Ornis Hungarica. vol.30(2). (2022) p.124-133.
Space use of wintering Eurasian Tree Sparrows (Passer montanus) in a semi-urban area: a radiotelemetry-based case study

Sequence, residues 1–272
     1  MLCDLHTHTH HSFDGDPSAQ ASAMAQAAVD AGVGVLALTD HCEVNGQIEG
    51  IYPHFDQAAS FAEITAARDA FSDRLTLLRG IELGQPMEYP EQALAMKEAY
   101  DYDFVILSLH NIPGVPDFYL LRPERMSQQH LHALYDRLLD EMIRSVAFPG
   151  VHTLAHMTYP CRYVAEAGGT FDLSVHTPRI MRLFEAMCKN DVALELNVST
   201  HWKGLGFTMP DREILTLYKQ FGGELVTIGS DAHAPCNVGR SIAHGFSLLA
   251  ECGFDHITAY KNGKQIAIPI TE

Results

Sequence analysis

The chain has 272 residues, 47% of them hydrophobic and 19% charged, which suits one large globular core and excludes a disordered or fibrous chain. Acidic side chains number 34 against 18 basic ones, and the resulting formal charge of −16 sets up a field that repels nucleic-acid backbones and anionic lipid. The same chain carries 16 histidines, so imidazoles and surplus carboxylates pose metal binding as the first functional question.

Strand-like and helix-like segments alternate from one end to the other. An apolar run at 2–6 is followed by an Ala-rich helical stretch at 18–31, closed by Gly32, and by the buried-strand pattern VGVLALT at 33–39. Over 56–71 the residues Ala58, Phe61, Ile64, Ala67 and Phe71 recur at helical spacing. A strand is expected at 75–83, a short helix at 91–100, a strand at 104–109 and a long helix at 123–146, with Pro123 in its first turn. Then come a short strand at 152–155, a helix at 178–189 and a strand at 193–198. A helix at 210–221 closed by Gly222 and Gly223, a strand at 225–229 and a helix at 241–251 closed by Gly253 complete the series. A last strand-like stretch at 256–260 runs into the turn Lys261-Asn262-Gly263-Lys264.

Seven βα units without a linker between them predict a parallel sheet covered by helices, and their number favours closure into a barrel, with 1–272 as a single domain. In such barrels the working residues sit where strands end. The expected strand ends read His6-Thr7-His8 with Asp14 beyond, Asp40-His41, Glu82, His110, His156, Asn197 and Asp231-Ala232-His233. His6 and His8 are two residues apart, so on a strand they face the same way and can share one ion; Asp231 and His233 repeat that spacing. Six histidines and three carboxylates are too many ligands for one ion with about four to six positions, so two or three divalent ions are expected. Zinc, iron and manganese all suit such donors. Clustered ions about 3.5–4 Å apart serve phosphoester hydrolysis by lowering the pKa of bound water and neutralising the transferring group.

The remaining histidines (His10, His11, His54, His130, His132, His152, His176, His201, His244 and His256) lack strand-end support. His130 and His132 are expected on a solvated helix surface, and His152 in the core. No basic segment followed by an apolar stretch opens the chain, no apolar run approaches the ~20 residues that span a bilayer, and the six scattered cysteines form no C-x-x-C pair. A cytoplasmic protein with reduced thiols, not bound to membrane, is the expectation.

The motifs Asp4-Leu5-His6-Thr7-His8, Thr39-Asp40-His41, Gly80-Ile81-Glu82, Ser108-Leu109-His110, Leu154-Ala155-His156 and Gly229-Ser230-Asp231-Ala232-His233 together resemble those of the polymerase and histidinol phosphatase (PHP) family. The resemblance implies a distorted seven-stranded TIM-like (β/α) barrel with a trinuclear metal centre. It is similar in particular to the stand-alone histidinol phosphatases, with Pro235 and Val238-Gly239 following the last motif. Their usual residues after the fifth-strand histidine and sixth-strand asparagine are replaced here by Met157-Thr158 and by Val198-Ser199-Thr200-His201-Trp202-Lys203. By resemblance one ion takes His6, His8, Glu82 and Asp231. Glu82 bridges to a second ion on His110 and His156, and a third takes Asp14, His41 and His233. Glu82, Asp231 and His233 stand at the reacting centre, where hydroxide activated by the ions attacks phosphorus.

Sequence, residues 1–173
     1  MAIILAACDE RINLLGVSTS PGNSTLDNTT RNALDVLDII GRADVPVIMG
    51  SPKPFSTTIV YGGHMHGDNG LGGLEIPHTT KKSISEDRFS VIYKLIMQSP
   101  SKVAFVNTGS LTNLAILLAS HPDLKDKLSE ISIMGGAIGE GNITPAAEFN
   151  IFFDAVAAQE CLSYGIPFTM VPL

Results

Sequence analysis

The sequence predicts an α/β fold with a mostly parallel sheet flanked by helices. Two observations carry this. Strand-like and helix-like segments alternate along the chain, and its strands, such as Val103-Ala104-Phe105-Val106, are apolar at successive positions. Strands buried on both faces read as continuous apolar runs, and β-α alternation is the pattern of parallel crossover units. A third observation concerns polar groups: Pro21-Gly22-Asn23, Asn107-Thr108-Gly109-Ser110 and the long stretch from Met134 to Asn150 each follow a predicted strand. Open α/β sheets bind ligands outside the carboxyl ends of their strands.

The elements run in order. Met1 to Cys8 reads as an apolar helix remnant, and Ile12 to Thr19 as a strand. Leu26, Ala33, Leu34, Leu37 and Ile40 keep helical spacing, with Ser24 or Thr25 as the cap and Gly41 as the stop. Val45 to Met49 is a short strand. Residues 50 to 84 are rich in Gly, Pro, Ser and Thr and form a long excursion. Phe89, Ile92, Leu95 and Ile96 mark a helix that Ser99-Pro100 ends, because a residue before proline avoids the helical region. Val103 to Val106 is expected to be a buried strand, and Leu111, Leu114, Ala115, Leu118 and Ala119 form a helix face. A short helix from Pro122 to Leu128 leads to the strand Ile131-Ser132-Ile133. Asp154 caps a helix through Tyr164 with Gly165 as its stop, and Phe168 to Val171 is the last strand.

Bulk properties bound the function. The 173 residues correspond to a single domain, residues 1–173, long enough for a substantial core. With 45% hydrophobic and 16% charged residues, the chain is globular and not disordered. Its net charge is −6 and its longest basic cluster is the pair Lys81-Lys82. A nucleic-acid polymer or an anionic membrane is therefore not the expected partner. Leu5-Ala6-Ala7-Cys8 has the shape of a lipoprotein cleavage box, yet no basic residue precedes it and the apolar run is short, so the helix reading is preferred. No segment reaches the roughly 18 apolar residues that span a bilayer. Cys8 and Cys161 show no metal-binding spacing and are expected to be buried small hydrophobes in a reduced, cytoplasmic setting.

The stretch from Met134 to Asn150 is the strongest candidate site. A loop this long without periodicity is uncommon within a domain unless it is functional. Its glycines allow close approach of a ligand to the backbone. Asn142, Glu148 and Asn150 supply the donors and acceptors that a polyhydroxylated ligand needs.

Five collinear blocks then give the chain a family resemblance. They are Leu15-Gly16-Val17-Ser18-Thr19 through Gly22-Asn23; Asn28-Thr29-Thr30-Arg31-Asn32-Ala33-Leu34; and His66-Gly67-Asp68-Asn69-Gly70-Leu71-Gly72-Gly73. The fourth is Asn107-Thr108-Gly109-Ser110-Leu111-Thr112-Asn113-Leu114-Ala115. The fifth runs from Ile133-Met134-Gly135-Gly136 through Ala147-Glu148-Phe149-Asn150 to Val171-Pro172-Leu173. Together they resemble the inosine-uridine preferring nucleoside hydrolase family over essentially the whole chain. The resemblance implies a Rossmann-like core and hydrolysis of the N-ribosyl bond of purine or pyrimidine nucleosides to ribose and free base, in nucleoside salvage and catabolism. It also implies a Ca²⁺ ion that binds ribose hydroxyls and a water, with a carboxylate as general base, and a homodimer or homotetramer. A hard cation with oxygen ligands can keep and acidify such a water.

Space use, which includes the home range and habitat utilisation pattern of individuals for different activities (e.g. foraging, roosting), is one of the fundamental aspects of a species ecology. Hence, knowledge on the different aspects of space use in general is essential to understand the relationship between species and their habitat. Here, we investigated the home range size (using the minimum convex polygon method; MCP) and roosting site selection, using radiotelemetry, in a sedentary passerine species, the Eurasian Tree Sparrows (Passer montanus). The study was carried out during the non-breeding period (i.e. wintering), in a semi-urban habitat where supplemental feeding was also available. We found that individuals had highly variable home ranges, both in shape and size (mean ± SD of 95% MCP: 6.89 ± 5.73 ha), the location of which was influenced by the presence of bird feeders. Roosting sites of the tracked individuals were largely consistent at an individual level, that is, all birds used the same locations for roosting during the whole tracking period, and the roosting sites of all individuals were located on buildings, except for a few rare occasions. Our results suggest that urbanised habitats can provide multiple benefits for the individuals during the winter in the form of easily accessible resources (e.g. food, roosting place), and individuals readily exploit these resources by adjusting their space use according to their availability.